20 What are Key Signs* That I’m “Timed Out”? I feel stressed all the time/most of the time I feel tired all the time I feel overwhelmed I get sick more often I find it hard to focus I feel as though nothing really gets done I forget things I become impatient or resentful I sleep too much/too little/can’t get to sleep/stay asleep I eat more/less and don’t always make the best food choices I drink alcohol or use prescription or other drugs more frequently I don’t take pleasure in the things that used to make me happy * These are provided as examples only. Some of the signs listed may indicate a more serious medical or other issue and should be evaluated by your health care provider Are you timed out? 20 Gallops Consulting

21 What Am I Really Saying? Here’s What I Say  Too much to do  Not enough help  Too many activities (after work, school, etc.)  Hard to say no  It’s easier to do it myself  I’ll put it off until tomorrow  I like things to be perfect Is This What I Mean?  Am I over committed?  It’s hard to ask for help  Is my schedule (or my family’s) out of control?  I don’t want to disappoint anyone  No one else can do it my way  Fear of failure; “paralysis”  Unrealistic expectations 21Gallops Consulting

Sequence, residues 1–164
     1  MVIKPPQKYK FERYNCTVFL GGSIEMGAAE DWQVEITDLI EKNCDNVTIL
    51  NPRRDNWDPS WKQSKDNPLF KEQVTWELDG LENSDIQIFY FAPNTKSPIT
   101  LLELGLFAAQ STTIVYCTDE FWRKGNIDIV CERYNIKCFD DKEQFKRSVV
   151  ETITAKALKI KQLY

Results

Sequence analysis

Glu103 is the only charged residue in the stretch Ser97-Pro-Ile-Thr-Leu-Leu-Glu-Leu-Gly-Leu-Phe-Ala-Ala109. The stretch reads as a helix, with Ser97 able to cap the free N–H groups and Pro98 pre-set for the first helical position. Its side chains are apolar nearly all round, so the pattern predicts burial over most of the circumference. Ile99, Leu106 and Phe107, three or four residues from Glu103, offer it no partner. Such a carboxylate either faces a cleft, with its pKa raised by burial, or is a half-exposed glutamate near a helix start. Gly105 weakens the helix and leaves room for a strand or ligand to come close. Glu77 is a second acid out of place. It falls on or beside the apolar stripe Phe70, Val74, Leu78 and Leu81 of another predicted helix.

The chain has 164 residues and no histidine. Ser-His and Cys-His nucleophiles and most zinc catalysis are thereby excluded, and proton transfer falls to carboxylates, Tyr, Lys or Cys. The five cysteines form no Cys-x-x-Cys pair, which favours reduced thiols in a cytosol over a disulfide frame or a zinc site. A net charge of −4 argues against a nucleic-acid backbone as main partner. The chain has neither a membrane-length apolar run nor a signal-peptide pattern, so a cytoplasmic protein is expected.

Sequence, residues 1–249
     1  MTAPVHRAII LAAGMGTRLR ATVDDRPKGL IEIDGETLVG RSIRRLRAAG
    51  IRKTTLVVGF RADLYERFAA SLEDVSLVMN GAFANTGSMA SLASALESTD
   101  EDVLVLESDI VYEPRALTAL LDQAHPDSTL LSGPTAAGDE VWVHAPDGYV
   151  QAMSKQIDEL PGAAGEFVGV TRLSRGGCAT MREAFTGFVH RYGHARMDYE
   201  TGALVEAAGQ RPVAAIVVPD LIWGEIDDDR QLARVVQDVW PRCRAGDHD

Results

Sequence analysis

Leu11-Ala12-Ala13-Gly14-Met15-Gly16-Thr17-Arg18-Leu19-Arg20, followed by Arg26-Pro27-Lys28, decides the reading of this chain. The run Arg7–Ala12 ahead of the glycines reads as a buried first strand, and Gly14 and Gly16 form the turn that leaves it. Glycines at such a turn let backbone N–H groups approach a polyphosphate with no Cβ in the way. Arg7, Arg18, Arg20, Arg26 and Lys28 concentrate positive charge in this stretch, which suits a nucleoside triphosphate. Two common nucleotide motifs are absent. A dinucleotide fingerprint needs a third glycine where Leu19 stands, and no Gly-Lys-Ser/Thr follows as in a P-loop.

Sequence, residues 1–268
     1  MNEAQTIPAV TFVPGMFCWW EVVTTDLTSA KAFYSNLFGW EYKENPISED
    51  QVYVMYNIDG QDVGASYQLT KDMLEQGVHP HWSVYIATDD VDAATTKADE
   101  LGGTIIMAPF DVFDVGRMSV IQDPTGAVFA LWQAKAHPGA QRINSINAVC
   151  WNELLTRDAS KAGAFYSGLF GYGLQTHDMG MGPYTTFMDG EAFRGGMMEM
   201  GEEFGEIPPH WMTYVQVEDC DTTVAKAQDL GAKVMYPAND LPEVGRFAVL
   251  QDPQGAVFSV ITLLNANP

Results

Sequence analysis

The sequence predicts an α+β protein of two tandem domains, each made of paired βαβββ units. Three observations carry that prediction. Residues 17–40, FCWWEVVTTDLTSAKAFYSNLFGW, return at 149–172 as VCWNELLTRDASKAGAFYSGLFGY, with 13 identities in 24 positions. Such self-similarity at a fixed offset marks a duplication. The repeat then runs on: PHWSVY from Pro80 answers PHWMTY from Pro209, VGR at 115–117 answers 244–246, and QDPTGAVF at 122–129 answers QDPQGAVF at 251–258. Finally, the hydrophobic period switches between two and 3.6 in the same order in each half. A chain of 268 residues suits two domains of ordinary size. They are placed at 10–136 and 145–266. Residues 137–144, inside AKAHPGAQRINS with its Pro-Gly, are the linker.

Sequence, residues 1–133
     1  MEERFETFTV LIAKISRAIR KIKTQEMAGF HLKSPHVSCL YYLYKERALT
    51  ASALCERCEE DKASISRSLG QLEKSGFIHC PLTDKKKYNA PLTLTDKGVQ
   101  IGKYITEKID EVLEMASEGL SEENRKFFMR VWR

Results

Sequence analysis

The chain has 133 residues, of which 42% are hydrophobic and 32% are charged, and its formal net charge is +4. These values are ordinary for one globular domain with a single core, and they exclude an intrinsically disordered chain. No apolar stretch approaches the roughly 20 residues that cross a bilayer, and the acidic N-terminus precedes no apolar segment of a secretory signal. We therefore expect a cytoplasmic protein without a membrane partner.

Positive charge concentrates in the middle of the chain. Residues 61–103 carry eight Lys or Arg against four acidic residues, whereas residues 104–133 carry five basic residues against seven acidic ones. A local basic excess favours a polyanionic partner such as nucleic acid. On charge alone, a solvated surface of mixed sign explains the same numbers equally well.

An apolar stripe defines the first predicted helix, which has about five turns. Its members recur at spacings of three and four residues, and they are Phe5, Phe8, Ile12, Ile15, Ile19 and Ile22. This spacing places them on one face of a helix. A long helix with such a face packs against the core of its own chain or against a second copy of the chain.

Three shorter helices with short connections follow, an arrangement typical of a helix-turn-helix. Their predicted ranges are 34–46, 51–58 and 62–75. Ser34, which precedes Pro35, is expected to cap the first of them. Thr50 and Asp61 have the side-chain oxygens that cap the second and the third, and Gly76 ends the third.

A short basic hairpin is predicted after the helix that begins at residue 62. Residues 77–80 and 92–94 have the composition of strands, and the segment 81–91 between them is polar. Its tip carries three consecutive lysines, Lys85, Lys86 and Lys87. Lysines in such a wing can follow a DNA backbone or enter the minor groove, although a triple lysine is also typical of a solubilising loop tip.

22 What Gets in the Way?  Unrealistic expectations  Old ways of how we use our energy  Resistance to change  Perception of needing to be “on” 24/7  Not letting go Tip: We can do things differently! 22Gallops Consulting

23 Unrealistic Expectations aka perfectionism Perfectionism  Motivated by fear of failure  Your accomplishments never satisfy you  “If I don’t do it myself, it won’t get done”  There’s nothing I can do  If only……..  You can’t let it go Realism  Motivated by enthusiasm  Your efforts give you a feeling of accomplishment  You understand that no one can be successful all the time  You are able to identify where you can make changes and where you can’t  You can let go 23Gallops Consulting

24 Old Ways of Using Your Energy Old Ways  If only I could…….  There is nothing I can do  I’ve always done it this way  My situation is unique  I didn’t create this situation  Nothing changes even when you continue to spend energy on something you can’t control New or Refreshed Ways  Let’s look at the options  What do I have control over or influence on?  Can I do this differently?  Can I connect with others whose experiences are similar?  How can I make this situation work better for me? 24Gallops Consulting